How Fear of Failure Is Holding You Back
We all have goals for things we want to achieve in our life. However our goals are limited to the capacity of our thoughts and the influence these thoughts have on our emotions and our behavior.
This means that even when you dream big, the fear of failing will likely keep you from trying.
Fear is supposed to protect us from harm and keep us alive. It does this by activating the sympathetic nervous system into an acute stress response. When this happens we experience a physiological response (heart racing, shallow breathing, sweating, etc).
However, our minds cannot distinguish perception from reality, so we end up feeling fear and the physiological responses to fear when we start to consider something we are unsure of.
Fear in itself is a strong unpleasant feeling that has a huge influence on our behavior, however, fear that threatens how we view ourselves and our world is even stronger.
Failure, if we allow it, can damage our confidence and our hope for the future. Therefore, if we believe there is a possibility of failing, the fear of becoming a failure and feeling disappointed becomes too threatening.
For those with low self-esteem who have been put down by critical or unsupportive parents or by abusive partners as adults, this is even more challenging. These individuals may have internalized these beliefs and may feel they are unworthy of success.
So how can you overcome fear and not let it get
in the way of your goals and dreams?
Recognizing the thoughts influencing this fear is the first step in taking control. Notice the specific negative thoughts that trigger the fear. What is the worst case scenario and what is the probability that it will happen? What would it mean if it were to happen? Is there anything positive that would come from it?
It may be helpful to write these thoughts down. We created a simple thought record that may be helpful to use for this activity.
"Until you make the unconscious conscious,
it will direct your life and you will call it fate"
We all experience negative and at times irrational thoughts that are not helpful (for a list of common irrational thoughts, refer to this previous post). However, you can challenge these thoughts so that they have less influence onto your emotions and behavior.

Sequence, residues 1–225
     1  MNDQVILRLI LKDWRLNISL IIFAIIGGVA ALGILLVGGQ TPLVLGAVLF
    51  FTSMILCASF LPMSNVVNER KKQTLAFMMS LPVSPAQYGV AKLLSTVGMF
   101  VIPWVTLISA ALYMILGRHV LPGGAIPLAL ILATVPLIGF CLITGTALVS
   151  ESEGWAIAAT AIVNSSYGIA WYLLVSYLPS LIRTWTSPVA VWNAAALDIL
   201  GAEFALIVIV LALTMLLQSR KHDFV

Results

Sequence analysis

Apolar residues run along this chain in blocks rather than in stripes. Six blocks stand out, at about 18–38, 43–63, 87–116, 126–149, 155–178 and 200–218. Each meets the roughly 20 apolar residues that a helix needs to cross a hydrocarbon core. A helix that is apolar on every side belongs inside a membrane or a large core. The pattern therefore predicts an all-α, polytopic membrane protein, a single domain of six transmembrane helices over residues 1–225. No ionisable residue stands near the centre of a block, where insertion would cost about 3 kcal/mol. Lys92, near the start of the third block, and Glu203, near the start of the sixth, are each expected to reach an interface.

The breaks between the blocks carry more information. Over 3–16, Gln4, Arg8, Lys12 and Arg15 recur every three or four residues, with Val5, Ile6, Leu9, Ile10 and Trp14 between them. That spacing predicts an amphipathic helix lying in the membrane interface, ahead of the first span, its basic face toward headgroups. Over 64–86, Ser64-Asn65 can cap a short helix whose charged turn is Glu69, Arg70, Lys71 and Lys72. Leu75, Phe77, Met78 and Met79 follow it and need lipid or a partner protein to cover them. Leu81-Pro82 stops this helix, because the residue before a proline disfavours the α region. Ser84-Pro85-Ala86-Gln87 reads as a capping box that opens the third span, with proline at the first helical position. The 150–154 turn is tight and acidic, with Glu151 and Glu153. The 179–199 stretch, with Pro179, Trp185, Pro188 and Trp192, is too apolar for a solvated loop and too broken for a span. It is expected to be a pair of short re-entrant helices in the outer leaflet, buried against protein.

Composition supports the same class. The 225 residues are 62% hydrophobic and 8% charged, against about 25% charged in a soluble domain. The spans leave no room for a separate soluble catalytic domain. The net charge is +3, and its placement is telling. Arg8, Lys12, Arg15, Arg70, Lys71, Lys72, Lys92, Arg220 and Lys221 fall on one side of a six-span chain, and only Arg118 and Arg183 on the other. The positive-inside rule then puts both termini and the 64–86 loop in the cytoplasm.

In cognitive-behavioral therapy, challenging irrational thoughts (or cognitive distortions as we call them) is referred to as cognitive restructuring. We use socratic questioning to help clients through the process, but you can try this yourself with this worksheet from Therapist Aid.
Positive thinking helps to build confidence and self-esteem. Reframe negative thoughts into positive factual thoughts. For example, let's say you are worried about your performance in a presentation at work but have spent a lot of time preparing. Challenge negative thoughts by reminding yourself of the facts (you are well prepared, you know a lot about what you are discussing, you did the best you can and it is normal to not have all of the answers).
You can also print positive self-affirmations and place them where they are visible. Reading these self-affirmations daily will influence more positive thinking.
We like this one from Mind Body Soul
4. Mindset Shift
Failure is part of the learning process, without it it's difficult to achieve the level of insight and resilience required to overcome difficult obstacles. At one point or another in your life, you already experienced failure and that experience has shaped who you have become today. Focus on the lessons learned from the failure and try again. Remember that with each lesson, you are closer than the person who was too afraid to even try.
"Success is not final, failure is not fatal: it is the courage to continue that counts"